Andrew Carnegie

From messenger boy to telegraph operator to finally one of the most influential people to have ever lived, Andrew Carnegie is a man whose entrepreneurial spirit changed the face of the modern world – and he did so with no formal education as a child. You know him as the inventor of steel, but having an invention doesn’t make you successful – marketing it does.

Carnegie is given credit as the man to spawn the phrase, “surround yourself with people who are smarter than you,” because his first step in building a business was to recruit some of the brightest minds he could convince to come on board, which brought steel to the world and incredible wealth to his pockets.

Benjamin Franklin

Benjamin Franklin

You know him as a Founding Father, and while that’s also a brilliant example of entrepreneurship, Ben Frank didn’t spend all his days fighting for America’s independence. On the contrary, in addition to creating a lightning rod following via a risky and rather hilarious experiment with a kite, Franklin also created bifocals, ran his own highly successful printing press, and authored several pieces within it.

Each of these “startups” paid off extremely well, and if you can’t appreciate a successful journalism company, then you can at least be thankful for a house that doesn’t burn down after every lightning storm.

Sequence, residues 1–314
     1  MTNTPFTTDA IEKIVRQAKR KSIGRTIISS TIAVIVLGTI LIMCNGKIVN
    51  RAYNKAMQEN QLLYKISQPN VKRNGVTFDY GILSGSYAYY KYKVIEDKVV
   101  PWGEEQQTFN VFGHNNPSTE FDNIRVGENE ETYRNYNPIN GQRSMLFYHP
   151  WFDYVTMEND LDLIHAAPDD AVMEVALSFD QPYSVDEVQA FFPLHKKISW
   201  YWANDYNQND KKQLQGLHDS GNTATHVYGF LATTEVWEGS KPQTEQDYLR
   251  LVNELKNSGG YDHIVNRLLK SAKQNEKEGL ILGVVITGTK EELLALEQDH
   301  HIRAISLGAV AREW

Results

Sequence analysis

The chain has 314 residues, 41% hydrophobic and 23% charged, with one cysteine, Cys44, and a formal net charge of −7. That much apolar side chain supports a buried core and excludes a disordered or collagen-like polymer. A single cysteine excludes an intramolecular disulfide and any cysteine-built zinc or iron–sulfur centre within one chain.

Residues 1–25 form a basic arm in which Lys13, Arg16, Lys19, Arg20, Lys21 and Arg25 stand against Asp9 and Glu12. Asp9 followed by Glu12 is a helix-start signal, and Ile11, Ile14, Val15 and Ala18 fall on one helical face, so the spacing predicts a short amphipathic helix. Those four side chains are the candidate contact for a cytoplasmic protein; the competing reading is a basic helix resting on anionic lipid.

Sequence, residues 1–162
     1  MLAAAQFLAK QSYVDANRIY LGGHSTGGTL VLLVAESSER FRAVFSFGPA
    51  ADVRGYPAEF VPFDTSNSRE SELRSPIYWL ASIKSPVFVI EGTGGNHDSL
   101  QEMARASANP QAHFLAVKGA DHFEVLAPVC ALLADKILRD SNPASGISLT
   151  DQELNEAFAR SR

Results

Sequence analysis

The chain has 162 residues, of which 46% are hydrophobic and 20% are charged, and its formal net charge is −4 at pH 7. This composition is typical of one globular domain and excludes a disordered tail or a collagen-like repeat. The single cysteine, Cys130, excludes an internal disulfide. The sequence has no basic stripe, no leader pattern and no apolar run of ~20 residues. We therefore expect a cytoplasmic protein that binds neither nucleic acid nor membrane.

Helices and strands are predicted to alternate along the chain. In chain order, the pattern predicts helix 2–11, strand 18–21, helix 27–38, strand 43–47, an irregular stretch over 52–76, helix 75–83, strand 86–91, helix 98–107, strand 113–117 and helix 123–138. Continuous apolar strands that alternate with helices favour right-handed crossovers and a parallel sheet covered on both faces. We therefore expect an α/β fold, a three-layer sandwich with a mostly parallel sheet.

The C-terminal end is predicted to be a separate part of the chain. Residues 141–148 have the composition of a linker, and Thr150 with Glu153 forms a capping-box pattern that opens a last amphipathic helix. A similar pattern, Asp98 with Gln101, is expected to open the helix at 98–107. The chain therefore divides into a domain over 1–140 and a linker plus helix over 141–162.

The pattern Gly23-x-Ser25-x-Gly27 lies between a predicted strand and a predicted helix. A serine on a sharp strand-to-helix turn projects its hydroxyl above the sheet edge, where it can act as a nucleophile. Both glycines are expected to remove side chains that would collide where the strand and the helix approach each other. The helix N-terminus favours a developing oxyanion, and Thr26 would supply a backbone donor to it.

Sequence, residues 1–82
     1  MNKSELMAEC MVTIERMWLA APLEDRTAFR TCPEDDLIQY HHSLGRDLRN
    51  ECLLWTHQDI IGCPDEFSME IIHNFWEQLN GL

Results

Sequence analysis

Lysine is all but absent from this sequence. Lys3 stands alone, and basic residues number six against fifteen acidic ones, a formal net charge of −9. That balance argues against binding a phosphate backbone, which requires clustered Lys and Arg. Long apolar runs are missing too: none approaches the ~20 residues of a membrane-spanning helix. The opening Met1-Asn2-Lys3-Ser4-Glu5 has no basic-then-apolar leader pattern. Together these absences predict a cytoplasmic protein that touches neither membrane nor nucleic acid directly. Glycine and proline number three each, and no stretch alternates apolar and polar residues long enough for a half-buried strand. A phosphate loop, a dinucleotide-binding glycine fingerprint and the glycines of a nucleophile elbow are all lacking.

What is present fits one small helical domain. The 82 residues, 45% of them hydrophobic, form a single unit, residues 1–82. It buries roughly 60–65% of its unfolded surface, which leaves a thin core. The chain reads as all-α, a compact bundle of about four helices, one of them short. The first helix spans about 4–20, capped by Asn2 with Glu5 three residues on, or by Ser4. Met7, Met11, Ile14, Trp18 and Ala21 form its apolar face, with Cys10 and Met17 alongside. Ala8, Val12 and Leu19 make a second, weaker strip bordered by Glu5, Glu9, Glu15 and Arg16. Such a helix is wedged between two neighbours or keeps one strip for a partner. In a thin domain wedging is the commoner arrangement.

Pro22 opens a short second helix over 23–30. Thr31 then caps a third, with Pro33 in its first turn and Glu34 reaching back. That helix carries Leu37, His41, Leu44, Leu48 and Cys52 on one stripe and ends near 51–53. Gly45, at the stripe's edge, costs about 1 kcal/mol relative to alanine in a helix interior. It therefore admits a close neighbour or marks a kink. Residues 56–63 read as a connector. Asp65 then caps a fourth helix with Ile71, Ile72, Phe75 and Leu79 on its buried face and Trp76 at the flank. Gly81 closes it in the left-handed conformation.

Ray Kroc

You want to talk successful entrepreneurs? How about starting a business that is not only a household name, that any child will cry for as soon as they can speak, but one that makes $75.18 million a day across dozens of countries! Ray Kroc was at the end of his chain at the age of 52, having spent his life as a door-to-door salesman for kitchen ware without much success. When he visited an old mom-and-pop restaurant in LA, all that changed, and it was thanks to two brothers with the last name McDonald.

You can guess what they had to offer him; an interesting service style that matched simplicity, productivity, and cheap prices together to make a system that all fast food joints try to mimic world-wide today. He bought out their recipes, the restaurant itself, and the system, and within just a few years, McDonald’s was one of the most popular restaurants anywhere.

Hans Christian Anderson

Hans Christian Anderson

Walt Disney may have been a wildly successful entrepreneur, but where would he be without his fairy-tale inspirations? Be it the Little Match Girl or the Little Mermaid, Danish-born writer and entrepreneur Hans Christian Anderson’s stories had been heard around the world long before Disney had the idea to tame them and put them on screen.

Anderson, at the age of fourteen, went to Copenhagen alone and penniless at the insistence of a fortuneteller who said he’d find his success there. He didn’t find it with acting or singing, but once he gained a formal education thanks to the director of the Royal Danish Theater, he began writing and his fairy-tale stories became an huge success, launching him into riches and the history books.